Last week I talked about how frustrating it is that we don’t know more about casinos. It’s been almost impossible to have an adult conversation because there’s only so much we know, as a state, while everyone keeps asking for numbers, more and more. Of course, since the few reliable numbers we do have don’t point to anything inspiring, one would think the onus would be on casinos and casino supporters to prove just why they’ll save the Massachusetts revenue situation – but instead, in the face of a serious lack of information, some people have been sadly willing to start digging. However, just because we don’t have more research available doesn’t mean we can’t paint a picture of what a casino will look like in Massachusetts, as well as its effects on the local economy, so let’s start mixing the colors below – in the form of an itinerary for my whole family at one of the world’s most famous casinos.
So, I went to today’s casino hearing and stayed for almost the entire thing (from 11am to almost 6pm) and I can’t say that I learned too much. Representative Flynn, the Co-Chair of the committee, as well as the man who threw a hissy fit against Speaker DiMasi to get the non-binding, spectacle hearing, wanted his own personal casino
love session hearing, to drum up the war beat for when this discussing really gets going, after the New Year. Flynn stayed fairly quiet for the evening, given that his guests were mostly hand selected, except for the fact that he liked to remind the audience that he’s never actually been to a casino. That’s a fact he audibly ruminated on several times (don’t blame me if slot machines are addictive, how would I know? I’ve never been to a casino!)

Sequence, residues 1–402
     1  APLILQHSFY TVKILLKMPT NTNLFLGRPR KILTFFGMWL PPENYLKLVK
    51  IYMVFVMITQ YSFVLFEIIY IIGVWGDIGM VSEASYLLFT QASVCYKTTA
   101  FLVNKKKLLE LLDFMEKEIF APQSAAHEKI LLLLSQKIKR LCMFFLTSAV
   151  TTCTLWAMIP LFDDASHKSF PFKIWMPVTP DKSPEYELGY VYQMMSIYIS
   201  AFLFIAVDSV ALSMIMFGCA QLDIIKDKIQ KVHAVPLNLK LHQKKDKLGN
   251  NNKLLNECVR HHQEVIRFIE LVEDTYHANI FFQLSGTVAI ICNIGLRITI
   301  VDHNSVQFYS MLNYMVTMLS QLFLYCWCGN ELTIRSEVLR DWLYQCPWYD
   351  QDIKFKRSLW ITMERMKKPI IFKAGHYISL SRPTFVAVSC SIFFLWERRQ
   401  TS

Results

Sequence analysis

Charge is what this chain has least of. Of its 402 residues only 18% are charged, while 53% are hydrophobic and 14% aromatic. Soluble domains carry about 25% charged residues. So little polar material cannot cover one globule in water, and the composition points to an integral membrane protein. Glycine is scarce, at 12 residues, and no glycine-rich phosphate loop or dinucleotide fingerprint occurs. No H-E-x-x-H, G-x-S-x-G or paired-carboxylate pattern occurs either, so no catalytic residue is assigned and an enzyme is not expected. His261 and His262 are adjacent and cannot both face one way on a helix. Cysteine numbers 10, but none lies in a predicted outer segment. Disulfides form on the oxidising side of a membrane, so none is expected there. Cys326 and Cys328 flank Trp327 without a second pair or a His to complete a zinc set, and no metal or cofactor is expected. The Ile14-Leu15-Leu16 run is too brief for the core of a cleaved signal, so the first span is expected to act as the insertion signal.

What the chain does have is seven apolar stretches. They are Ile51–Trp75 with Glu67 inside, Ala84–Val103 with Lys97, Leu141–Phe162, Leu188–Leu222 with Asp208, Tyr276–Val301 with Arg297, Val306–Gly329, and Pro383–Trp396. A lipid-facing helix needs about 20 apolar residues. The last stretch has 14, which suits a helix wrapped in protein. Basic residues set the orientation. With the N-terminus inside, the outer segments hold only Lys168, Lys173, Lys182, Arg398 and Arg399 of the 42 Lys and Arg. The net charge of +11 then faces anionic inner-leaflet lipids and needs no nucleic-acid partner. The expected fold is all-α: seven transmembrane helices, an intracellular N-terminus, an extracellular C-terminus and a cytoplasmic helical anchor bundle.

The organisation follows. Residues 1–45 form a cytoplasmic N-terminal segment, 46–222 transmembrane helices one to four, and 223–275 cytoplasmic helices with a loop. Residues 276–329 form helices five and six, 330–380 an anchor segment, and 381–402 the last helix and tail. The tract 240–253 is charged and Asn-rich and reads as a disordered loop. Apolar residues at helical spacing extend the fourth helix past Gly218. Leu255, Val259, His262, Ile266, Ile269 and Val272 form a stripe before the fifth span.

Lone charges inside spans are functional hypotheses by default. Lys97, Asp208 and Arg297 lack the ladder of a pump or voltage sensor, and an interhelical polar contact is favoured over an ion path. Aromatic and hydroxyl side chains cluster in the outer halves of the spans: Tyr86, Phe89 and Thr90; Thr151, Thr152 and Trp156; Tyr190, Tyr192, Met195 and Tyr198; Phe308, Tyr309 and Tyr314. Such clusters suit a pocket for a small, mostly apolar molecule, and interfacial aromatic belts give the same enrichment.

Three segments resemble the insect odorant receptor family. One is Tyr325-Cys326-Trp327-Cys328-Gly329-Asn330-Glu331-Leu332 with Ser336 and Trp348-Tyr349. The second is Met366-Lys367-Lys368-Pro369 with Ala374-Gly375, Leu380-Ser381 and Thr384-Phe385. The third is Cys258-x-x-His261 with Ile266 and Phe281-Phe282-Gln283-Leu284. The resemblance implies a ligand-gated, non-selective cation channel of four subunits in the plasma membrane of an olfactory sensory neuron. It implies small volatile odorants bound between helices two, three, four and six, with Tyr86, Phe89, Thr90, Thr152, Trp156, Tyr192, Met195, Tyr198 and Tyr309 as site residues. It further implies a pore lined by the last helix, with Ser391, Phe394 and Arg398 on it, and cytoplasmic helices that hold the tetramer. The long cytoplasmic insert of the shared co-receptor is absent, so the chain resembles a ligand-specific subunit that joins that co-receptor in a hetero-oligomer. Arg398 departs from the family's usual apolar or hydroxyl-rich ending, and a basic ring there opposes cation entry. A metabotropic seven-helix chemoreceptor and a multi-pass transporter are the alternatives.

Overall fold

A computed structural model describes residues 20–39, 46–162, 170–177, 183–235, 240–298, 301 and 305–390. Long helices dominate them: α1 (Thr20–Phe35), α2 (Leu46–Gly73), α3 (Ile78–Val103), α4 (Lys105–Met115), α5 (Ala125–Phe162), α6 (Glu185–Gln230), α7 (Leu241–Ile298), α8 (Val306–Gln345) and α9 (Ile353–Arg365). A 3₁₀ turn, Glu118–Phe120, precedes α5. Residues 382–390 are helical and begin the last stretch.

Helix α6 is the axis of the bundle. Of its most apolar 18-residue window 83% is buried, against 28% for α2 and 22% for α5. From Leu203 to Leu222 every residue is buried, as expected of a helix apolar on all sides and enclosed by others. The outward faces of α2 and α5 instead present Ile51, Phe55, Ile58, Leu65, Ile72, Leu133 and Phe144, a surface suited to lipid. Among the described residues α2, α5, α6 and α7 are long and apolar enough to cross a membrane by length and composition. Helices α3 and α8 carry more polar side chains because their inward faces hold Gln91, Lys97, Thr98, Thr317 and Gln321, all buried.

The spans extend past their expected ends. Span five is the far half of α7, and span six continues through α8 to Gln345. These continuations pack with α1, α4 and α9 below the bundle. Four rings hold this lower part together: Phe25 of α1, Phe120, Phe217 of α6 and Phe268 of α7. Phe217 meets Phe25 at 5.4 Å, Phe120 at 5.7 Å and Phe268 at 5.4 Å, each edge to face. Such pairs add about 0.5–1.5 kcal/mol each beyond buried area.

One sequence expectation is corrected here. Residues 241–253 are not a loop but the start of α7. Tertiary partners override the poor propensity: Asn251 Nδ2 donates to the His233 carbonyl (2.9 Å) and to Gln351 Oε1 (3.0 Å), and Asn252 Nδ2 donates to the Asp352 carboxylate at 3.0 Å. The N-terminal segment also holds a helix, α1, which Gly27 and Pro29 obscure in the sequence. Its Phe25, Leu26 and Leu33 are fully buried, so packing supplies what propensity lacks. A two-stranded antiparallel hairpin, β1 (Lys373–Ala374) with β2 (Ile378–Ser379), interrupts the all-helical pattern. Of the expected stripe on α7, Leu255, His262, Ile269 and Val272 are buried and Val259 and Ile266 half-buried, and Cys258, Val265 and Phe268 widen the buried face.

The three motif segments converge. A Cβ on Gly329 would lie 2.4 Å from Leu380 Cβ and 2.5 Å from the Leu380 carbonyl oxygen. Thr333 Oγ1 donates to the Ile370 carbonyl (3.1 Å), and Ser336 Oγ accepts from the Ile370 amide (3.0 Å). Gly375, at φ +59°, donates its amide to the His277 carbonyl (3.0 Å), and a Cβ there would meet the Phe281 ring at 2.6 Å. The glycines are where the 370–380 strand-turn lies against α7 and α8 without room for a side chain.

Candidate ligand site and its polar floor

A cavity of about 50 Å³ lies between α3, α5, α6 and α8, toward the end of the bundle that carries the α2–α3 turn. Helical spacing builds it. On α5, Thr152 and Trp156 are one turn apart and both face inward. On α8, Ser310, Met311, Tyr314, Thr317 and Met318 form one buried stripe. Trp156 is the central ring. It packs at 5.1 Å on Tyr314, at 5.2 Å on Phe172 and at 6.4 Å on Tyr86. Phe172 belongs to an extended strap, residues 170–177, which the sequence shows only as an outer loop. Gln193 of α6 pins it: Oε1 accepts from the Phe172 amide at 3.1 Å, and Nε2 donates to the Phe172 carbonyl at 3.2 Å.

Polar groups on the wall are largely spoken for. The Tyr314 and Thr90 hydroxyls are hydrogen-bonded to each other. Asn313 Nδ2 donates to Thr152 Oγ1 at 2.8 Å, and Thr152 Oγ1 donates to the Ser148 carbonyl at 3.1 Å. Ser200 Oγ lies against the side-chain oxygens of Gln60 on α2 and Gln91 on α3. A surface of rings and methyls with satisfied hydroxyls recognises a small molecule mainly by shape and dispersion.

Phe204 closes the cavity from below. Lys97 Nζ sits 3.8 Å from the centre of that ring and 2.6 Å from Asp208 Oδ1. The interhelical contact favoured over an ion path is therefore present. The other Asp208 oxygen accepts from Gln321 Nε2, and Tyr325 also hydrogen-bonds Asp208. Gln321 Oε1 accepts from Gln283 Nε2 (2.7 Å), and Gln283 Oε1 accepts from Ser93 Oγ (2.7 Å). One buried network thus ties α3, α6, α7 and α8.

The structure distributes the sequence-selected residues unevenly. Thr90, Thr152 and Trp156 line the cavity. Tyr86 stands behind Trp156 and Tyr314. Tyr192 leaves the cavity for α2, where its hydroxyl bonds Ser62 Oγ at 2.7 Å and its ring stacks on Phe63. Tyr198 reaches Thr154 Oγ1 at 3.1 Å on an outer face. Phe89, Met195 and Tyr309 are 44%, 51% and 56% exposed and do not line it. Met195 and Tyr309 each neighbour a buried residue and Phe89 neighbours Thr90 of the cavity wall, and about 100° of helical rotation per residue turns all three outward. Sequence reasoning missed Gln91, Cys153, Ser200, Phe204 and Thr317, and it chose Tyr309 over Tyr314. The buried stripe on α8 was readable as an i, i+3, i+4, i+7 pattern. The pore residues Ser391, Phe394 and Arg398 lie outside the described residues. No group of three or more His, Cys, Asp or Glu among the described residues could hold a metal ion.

Co-Chair Senator Montigney, who remains “skeptical,” but doesn’t seem to have come to a firm decision, was truly the star of the night. He asked tough questions of all parties and definately wanted to make sure that if there was a casino, everything would be transparent.
Which brings me to the main thing I realized about today: this casino debate, already, is about the least transparent process I’ve ever seen.
Well pardon me, but the boys are throwing some punches. Mitt Romney goes on the Ad offensive against Huckabee touting his record of “No pardons”. Mike counters with a solid “People need to understand the real record here. Did Mitt Romney act in the best interest of Anthony Circosta or in the best interest of Mitt Romney? If you’re gonna be elected to the job you need to be elected to do the job that’s best for the citizens, not for your own political future.” Left out of Romney’s Ad is one interesting pardon denial: his rejection of the request of an Iraq war veteran who was trying to become a police officer after his National Guard service. The focus of the AP report was Romney’s denial for Circosta, a 30-year-old from Agawam, Mass. In 2005, while serving in Iraq, Circosta filed for a pardon, seeking to fulfill his dream of becoming a police officer. It was denied twice, despite a favorable recommendation from the state’s Board of Pardons. Circosta returned home a Bronze Star winner after leading a platoon in Iraq’s deadly Sunni triangle. Circosta’s crime was shooting a friend in the arm with a BB gun as 13-year-old. […]
UPDATE: Uruguay has just legalized civil unions punding the expected presidential signature.
Hungary has joined the civilized world by legalizing civil partnerships for same-sex couples. It isn’t marriage equality, but it is a lot more than we’ve got going on here in the Leader of the Free World. The new law, which brings Hungary more into line with E.U. standards for equality, takes effect Jan 1, 2009.
Hungary joins these polities in respecting S-S relationships (below the flip):